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Snow Leopard Remains the Most Popular Version of OS X

1. Cover, Snow Leopard Still King
A new study of Mac OS X web traffic shows that Snow Leopard is still the leading version of OS X as of March fourteenth 2013. The stats breakdown to Mountain Lion sitting at 28%, Lion at 27% and Snow leopard as the leader at 35%.


The Chitika study also states that the fragmentation of Mac OS X into three camps makes it difficult for developers that need to create software for three different OS versions. This will get more complicated with the release of Mac OS X 10.9 due to arrive this fall.


Snow Leopard was publicly unveiled on June 8, 2009 at the Apple Worldwide Developers Conference. On August 28, 2009, it was released worldwide.


While it's difficult to believe that Macites are still on an OS version that's three and half years old, the stats could very well be representative of the numbers of Macs in the workplace. It's a common IT department practice to not adopt the latest and greatest version of an OS until the bugs are worked out. Microsoft had a similar problem with their workplace base not wanting to move from Windows XP years ago.


With that understanding, the fragmentation of Mac OS X isn't all that dramatic. 


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Jack Purcher

I appreciate all of the great feedback.



I've worked in corporate IT and all the reasons above are valid.

I have a different reason. I have a late 2006 iMac - Core 2 Duo. The motherboard is limited to 3GB. Lion runs on it but not quickly. Snow Leopard runs like a rocket on it. There are no special advantages to Lion (full screen is nice and it can do iCloud). But that's about it. The iMac is 7 years old but it's big, fast and the hard disk drive is only half-full. No need to replace it yet. I can afford to replace it and I can afford the cost of Lion. But I see no need.

There are many reasons to keep Snow Leopard.

Peggy O

I'm with you Scott. I panic at the thought of when I will need to replace my computer because I know it won't come with the choice of using the 10.6 version.


Actually, the lack of boxed software is a real problem for me at my workplace. Before I could get a purchase order, go to the university bookstore, buy the software and install it on all 30 of my machines. Now, the accounting department does not want to give me the credit card information to buy and download apps. I have paid it out of my own pocket and upgraded the one on my desk. All other machines have been left with Snow Leopord and other legacy software.

Our university does not have any licensing deal like they have with Microsoft. But, then again, I don't know anyone who has a site license from Apple.


"While it's difficult to believe that Macites are still on an OS version that's three and half years old, the stats could very well be representative of the numbers of Macs in the workplace"

I noticed this with my friends also. Many of them stayed in Snow Leopard, they don't feel like the newest OS would bring much to what they already do on a computer.

These friends are not much interested in tech, they just own an Apple computer, are really happy about it and don't necessarily want anything to change on their computer.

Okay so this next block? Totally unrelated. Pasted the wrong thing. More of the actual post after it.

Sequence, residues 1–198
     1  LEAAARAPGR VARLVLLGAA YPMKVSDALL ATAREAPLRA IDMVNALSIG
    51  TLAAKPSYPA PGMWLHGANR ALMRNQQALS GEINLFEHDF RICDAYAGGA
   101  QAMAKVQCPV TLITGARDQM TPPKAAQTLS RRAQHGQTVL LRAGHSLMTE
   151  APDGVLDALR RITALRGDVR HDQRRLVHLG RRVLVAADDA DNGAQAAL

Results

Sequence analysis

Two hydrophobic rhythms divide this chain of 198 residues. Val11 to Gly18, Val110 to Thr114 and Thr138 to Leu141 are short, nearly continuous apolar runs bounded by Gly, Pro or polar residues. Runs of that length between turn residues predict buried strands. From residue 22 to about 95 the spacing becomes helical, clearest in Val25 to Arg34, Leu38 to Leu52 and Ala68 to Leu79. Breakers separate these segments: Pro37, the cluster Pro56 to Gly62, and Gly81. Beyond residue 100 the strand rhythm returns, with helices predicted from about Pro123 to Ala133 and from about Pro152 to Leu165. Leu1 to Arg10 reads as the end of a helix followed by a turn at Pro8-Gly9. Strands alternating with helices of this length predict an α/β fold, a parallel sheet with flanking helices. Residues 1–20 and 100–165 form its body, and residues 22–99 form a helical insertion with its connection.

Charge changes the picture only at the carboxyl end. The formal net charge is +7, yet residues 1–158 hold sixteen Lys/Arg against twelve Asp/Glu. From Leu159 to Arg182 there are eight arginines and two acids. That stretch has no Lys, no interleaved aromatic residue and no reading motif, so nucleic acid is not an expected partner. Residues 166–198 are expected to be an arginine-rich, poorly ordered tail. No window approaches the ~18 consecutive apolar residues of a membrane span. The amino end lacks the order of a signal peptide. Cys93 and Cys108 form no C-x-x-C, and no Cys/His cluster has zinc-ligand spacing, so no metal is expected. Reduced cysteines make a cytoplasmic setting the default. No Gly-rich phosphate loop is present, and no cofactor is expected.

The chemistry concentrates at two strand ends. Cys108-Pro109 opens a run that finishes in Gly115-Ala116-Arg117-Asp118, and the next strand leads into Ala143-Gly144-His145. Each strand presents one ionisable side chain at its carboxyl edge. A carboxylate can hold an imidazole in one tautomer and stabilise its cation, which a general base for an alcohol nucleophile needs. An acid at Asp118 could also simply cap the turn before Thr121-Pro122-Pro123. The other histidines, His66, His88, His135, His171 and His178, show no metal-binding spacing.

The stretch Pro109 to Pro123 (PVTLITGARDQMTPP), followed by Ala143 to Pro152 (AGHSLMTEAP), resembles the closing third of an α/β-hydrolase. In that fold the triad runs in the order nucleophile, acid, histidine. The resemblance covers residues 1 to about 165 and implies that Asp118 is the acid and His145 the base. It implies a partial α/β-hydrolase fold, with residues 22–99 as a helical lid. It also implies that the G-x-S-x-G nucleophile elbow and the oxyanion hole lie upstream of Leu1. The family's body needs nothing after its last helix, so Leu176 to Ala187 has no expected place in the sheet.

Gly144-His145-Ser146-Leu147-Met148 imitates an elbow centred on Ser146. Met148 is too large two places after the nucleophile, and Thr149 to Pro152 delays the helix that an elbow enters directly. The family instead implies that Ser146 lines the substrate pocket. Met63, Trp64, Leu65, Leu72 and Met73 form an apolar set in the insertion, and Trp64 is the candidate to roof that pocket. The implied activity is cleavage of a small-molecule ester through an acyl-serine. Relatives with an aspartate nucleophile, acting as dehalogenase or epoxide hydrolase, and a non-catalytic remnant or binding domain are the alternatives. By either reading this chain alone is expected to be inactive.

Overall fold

Mission Control and Full Screen are what scare these people most in my opinion.


Nope, but I think that it would push most of people from Lion to Mountain Lion


Is $20 really too much to pay for a new OS?


Or just feel free to upgrade to an SSD drive. This has been a sizable performance upgrade for me even more than the processor change.


I love Snow Leopard and don't like any of the new features in Lion or Mountain Lion.

Basically you'll have to pry 10.6.8 out of my cold stiff fingers. It's the OS X version which just works. 10.5 was pretty good too. As Apple doesn't release computers with 10.6.8 anymore, I've stopped buying their computers (was at about six/year for myself/company). A very expensive decision to deny backwards compatibility.

Constable Odo

I set up a Mountain Lion external drive to see how well it would work with my 24" iMac 3.06 GHz Core 2 Duo and I absolutely could not tolerate the slowdown. I tried and I didn't like it. So, as long as I have this particular iMac, Snow Leopard is here to stay. I have a late 2012 Mac Mini 2.3 GHz i7 quad-core and it runs very nicely with Mountain Lion, however, I would downgrade it to Snow Leopard, if it were at all possible, just to get that more oomph out of it. For me, there really isn't reason to upgrade to Mountain Lion unless I bought the fastest iMac available which is the 3.4 GHz i7 CTO machine. That's the only way I'd upgrade to Mountain Lion willingly.


in a word!..... Rosetta!

It would cost me thousands of dollars, to upgrade all the software I use that's PowerPC, that all work just fine, and don't want to upgrade them, even if they were free! because I would have to relearn the new versions, for example I have Photoshop from the original creative suite, I don't use it professionally it works just fine for my purposes, and have no desire to get
or learn all of its new bells and whistles, programmers can't seem to leave good enough alone, a lot of times when you get your new version of whatever software you're using it is so different, it's hardly recognizable as the same program, version, to version.


I hope they make OS upgrades for free via Mac App Store just like it is for iOS. That would make most of people to get on the latest version, since Mac App Store is available for Snow Leopard users too ( OS X 10.6.6 and later).

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